For resource managers charged with maintaining important assets like croplands or fisheries, quantitative modeling is a critical tool. But these sophisticated decision-support models often overlook an essential element of resource management: governance.
In a new study, an interdisciplinary team of scientists, experts and stakeholders, including a biologist from Florida State University, shows that discounting factors of governance could fundamentally compromise the models officials rely on to inform sound resource management strategies.
The team’s findings, published in the journal Bioscience, suggest integrating attributes of governance into quantitative assessments can help decision makers develop more nuanced and dynamic natural resource management programs.
“As scientists, we often focus on our models, our biological knowledge or our expectations of economic rational actors,” said FSU Assistant Professor Daniel Okamoto, who led the modeling component of the research. “Yet in this study, we highlight how important it can be to consider how governance systems can create breakpoints or even undermine intentions of management strategies.”
In the study, Okamoto and his colleagues used two proxy attributes — compliance and inertia — to model the effects of governance on resource management evaluation. Compliance refers to the extent to which individuals abide by agreed-upon rules, and inertia signifies the failure of managers to adapt their rules in response to new information or changing conditions.
These straightforward, easily modeled elements allowed researchers to illustrate how even seemingly minor aspects of governance can change expectations about the performance of management strategies for natural resources.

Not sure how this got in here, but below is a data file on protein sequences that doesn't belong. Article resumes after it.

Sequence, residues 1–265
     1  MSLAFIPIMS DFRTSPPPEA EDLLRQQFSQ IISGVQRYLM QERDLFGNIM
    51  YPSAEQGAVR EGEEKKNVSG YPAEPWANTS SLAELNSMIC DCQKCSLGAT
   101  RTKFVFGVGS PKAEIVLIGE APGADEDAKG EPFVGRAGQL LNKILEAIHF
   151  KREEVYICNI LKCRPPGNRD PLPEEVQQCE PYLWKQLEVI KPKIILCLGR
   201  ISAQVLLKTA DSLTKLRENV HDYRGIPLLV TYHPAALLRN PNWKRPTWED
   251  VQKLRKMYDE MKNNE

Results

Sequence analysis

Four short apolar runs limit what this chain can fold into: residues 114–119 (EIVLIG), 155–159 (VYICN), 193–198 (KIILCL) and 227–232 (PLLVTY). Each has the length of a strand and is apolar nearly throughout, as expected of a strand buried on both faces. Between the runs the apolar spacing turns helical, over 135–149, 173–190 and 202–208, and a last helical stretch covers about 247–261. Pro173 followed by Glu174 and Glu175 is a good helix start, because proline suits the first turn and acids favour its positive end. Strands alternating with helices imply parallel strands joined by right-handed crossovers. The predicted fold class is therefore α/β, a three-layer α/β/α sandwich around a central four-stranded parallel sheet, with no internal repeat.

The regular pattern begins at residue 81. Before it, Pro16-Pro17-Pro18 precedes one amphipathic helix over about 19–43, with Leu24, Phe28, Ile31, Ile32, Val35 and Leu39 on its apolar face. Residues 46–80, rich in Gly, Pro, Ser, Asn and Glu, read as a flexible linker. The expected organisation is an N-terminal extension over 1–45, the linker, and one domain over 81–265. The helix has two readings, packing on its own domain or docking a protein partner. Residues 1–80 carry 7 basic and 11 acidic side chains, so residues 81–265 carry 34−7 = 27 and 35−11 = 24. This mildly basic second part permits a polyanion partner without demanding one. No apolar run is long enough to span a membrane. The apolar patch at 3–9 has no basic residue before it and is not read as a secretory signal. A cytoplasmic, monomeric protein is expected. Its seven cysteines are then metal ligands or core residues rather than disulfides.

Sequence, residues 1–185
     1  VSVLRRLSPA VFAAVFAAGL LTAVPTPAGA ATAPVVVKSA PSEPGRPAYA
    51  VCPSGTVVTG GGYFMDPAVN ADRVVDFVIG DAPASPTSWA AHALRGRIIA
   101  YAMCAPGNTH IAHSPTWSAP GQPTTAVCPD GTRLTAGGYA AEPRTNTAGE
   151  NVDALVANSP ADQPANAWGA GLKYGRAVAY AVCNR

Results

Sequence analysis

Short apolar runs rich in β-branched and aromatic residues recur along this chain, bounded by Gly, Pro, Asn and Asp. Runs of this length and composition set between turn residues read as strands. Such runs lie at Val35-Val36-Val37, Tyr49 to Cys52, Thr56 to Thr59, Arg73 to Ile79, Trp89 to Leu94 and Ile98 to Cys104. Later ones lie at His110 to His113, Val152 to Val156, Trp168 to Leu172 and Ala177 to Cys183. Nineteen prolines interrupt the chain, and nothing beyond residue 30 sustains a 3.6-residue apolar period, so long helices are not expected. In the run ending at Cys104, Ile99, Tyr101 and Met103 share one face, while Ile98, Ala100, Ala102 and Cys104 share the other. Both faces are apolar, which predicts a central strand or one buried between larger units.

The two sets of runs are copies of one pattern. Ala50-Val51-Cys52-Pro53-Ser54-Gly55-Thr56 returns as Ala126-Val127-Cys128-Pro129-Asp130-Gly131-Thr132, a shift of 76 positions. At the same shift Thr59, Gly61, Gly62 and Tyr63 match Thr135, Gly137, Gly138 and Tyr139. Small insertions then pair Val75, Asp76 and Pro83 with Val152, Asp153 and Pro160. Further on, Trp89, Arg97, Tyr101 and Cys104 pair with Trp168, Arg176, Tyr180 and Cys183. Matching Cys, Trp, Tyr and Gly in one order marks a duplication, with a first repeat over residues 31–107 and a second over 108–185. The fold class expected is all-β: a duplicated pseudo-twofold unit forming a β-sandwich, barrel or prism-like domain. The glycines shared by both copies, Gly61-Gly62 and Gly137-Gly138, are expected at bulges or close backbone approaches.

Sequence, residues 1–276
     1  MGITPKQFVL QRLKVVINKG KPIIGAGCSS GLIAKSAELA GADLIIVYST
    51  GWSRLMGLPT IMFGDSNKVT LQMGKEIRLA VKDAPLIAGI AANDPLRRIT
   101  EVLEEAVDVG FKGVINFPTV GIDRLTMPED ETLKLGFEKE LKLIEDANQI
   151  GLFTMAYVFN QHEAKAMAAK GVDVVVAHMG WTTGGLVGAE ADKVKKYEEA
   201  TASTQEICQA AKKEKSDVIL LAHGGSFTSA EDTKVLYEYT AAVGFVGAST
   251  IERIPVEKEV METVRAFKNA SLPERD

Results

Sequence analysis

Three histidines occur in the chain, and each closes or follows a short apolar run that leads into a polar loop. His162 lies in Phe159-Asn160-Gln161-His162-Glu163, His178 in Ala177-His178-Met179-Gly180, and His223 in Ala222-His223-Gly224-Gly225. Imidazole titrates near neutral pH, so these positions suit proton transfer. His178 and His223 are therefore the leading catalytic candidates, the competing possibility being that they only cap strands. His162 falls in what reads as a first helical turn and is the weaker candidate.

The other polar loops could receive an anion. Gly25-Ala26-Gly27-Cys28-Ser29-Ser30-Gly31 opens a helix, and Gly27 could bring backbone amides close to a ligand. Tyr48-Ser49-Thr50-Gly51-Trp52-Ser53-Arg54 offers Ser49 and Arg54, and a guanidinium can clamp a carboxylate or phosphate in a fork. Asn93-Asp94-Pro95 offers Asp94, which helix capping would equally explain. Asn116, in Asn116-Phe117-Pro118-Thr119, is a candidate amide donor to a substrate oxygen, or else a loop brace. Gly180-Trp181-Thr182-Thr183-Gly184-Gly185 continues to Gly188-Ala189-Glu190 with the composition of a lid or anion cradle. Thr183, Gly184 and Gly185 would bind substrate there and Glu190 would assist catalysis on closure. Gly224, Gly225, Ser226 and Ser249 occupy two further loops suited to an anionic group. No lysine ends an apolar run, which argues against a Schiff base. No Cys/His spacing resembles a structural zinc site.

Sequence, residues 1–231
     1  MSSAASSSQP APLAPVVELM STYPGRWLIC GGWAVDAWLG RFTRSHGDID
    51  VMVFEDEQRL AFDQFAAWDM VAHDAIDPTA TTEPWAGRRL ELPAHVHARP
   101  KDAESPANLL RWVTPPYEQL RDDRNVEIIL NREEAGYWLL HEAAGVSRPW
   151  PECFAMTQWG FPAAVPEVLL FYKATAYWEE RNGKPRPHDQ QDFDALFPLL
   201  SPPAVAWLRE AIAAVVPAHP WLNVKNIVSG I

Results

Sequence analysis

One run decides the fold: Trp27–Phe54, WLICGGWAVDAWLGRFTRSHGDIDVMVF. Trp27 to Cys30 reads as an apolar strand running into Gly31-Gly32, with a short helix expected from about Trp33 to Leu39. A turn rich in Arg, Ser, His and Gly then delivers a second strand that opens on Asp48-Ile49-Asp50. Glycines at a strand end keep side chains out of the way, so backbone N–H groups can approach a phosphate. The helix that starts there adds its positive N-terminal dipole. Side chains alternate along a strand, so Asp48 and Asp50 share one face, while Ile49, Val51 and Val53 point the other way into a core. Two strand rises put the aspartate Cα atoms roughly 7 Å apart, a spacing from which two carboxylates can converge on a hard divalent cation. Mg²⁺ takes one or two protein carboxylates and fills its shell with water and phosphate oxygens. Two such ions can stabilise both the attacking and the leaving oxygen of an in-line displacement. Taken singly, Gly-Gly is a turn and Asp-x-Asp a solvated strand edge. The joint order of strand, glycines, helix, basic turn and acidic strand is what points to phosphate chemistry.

The team applied this streamlined governance framework to a simplified model of a Pacific herring fishery in Haida Gwaii, British Columbia. Their goal was to demonstrate the ways integrating compliance and inertia can change the outputs of management strategy evaluations.
Those changes, researchers found, were quite dramatic. For example, increasing inertia and decreasing compliance in their simulations led to a marked uptick in fishery closures and modest gains in annual variability of catch. Results also showed that declining compliance and elevated inertia translated into surges in overall catches, and ultimately to an increase in the frequency of fishery collapse.
The team said their models show economic outcomes are not always the best indicator for management evaluation. A scope limited to economic efficiency can disguise the costs and benefits of vital governance attributes, like building trust among involved parties, equity across groups and capacity for adaption, they said.
“Our ecosystem-based approach will help us address the overly sectoral approaches to fisheries management that currently exist, which don’t reflect the reality of our interconnected and rapidly changing oceans and coasts, or the multiple objectives fisheries managers must accommodate — ecological, social and economic,” said lead author Derek Armitage, professor in the School of Environment, Resources and Sustainability and co-lead of the Environmental Change and Governance Group at the University of Waterloo.
“The paper contributes to an emerging conversation among academics and practitioners about the strengths and limits of science in environmental decision making and the need for systematic attention to social context, institutions and history in policy and implementation processes,” added University of Guelph Associate Professor Jennifer Silver, who helped lead the study.
Okamoto said that ecologists sometimes think their efforts to maintain sustainable ecosystems are hamstrung by political considerations, unpredictable behavior and economic limitations. He considers this study a call to incorporate an array of specialists, particularly experts in governance, early in the process of evaluating resource management strategies.
“In our case, we were a team of ecologists, modelers, governance experts, social scientists, fishers, managers, and leaders in indigenous communities,” he said. “Approaches such as ours are not easy, but they are essential if realistic progress is to be made in management of ecological systems.”
Source: Florida State University